STOCKHOLM (Reuters) - Sweden’s housing minister, Mehmet Kaplan, resigned on Monday partly over comments he made seven years ago comparing Israel’s treatment of Palestinians to the plight of Jews in Nazi Germany, increasing pressure on an already unpopular government.
The center-left coalition of the Social Democrats and Greens has been strained by an asylum crisis that has forced the government to reverse decades of generous refugee policies and is lagging the center-right opposition bloc in opinion polls.
“Mehmet Kaplan’s overall assessment of the situation is that he will not be able to act as a minister and I share that assessment,” Prime Minister Stefan Lofven of the Social Democrats told a news conference.
At the weekend, daily Svenska Dagbladet reported comments made by Kaplan in 2009, before he became a minister, when he said “Israelis treat Palestinians in a way that is very like that in which Jews were treated during Germany in the 1930s”.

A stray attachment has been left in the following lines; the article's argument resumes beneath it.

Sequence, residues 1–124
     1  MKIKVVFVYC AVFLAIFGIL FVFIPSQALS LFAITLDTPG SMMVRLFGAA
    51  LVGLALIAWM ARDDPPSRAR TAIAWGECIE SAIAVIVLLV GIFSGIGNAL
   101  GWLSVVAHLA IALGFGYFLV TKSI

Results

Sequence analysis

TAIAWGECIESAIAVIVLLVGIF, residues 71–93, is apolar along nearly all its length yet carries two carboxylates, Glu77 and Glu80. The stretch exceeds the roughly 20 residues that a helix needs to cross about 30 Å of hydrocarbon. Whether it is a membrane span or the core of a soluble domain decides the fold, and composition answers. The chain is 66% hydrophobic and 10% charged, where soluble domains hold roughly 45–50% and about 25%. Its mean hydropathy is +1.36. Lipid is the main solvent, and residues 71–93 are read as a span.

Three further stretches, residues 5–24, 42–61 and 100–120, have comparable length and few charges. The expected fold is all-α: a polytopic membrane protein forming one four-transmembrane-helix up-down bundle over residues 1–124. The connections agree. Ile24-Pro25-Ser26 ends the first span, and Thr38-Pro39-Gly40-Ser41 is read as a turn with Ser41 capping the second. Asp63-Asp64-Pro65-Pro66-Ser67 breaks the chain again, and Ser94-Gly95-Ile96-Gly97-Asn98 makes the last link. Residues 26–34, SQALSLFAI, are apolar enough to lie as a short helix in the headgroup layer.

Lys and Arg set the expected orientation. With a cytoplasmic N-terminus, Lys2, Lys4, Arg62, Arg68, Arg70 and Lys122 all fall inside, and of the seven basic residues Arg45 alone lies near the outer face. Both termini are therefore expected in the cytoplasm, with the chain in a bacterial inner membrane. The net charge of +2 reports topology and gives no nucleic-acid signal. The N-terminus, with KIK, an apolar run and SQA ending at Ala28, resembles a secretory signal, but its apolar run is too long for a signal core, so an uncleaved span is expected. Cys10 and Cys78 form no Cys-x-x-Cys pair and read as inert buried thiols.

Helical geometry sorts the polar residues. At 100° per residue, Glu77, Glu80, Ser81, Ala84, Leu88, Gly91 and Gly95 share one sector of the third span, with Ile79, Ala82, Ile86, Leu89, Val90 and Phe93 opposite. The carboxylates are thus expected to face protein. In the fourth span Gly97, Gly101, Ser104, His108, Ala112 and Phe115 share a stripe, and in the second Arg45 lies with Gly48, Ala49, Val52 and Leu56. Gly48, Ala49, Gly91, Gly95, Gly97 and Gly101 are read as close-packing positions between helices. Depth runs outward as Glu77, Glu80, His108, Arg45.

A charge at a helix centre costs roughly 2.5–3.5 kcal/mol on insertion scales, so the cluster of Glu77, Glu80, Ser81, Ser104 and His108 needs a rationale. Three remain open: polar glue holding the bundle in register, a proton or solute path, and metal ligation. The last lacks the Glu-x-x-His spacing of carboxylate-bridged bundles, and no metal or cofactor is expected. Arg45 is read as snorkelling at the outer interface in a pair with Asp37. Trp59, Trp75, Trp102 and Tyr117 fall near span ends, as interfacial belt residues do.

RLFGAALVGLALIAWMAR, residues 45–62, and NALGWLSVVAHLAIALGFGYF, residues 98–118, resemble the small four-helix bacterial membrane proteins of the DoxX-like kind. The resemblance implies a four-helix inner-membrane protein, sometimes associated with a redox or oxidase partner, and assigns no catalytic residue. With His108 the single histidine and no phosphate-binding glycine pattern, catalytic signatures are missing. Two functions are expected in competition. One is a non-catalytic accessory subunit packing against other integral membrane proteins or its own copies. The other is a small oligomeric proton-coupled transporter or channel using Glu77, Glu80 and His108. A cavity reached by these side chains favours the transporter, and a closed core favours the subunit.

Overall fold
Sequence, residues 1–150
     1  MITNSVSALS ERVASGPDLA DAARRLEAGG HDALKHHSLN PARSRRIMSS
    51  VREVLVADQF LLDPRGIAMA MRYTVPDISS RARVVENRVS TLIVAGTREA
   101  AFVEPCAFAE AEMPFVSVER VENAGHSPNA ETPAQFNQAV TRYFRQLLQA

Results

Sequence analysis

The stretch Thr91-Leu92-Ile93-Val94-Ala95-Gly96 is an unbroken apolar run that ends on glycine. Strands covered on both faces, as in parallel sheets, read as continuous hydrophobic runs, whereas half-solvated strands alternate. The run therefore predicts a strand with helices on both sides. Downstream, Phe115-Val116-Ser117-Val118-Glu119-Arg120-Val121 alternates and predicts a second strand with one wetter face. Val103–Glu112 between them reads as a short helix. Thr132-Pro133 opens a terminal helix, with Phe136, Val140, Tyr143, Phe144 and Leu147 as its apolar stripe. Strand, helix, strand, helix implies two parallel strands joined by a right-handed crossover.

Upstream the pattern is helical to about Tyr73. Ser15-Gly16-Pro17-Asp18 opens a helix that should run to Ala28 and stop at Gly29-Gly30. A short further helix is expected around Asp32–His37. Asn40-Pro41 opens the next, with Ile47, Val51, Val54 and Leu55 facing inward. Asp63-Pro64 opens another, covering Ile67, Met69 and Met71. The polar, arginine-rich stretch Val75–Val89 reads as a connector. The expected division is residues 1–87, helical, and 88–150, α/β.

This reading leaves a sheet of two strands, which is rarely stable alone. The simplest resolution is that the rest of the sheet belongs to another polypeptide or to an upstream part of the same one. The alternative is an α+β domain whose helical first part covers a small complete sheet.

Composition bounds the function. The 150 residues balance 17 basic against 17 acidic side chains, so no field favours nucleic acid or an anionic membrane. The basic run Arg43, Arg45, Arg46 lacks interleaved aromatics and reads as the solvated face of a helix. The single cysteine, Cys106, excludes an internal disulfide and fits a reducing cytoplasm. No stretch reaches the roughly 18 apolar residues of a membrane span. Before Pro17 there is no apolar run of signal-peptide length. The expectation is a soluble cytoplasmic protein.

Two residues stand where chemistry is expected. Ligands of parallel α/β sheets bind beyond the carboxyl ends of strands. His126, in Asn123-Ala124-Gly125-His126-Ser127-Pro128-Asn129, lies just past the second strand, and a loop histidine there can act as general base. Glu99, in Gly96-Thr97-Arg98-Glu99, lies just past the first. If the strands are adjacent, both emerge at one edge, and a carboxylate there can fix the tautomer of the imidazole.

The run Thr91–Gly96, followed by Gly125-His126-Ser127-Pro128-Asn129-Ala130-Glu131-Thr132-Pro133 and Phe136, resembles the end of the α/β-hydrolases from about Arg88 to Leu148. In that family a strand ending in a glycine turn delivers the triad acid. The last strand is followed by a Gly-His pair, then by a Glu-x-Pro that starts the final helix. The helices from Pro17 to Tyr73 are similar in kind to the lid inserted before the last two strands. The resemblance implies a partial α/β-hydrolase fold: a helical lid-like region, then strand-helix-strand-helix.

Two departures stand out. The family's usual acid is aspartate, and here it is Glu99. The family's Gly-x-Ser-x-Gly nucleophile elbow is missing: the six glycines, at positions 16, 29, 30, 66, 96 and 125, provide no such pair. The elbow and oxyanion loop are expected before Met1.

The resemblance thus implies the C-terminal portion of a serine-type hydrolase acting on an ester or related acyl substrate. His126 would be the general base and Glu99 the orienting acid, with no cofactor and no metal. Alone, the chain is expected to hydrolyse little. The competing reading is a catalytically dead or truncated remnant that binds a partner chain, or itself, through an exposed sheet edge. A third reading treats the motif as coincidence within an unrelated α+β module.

Relations between Sweden and Israel hit rock bottom in 2014 when the Social Democrat-Green government recognized the Palestinian state.
Kaplan, who was born in Turkey, has also come under criticism for attending a dinner attended by a representative of an ultra-nationalist Turkish organization.
Kaplan told reporters he rejected “all forms of extremism whether they are nationalistic, religious or in any other form”.
His ministerial responsibilities will be shared out until the appointment of a new housing minister.
Both the Social Democrats and Greens have seen their support decline since the 2014 election, in large part due to the refugee crisis.
A Sifo poll commissioned by daily Svenska Dagbladet on Saturday showed support for the Social Democrats at 27 percent and for the Greens at 6 percent, down from 31 percent and 7 percent respectively in the 2014 election.
The coalition is also at loggerheads over plans to sell state-owned utility Vattenfall’s German lignite coal operations.
The Green Party is a long-time opponent of coal power and wants the business shut down.
Reporting by Daniel Dickson, Johan Sennero and Simon Johnson; Editing by Alistair Scrutton and Gareth Jones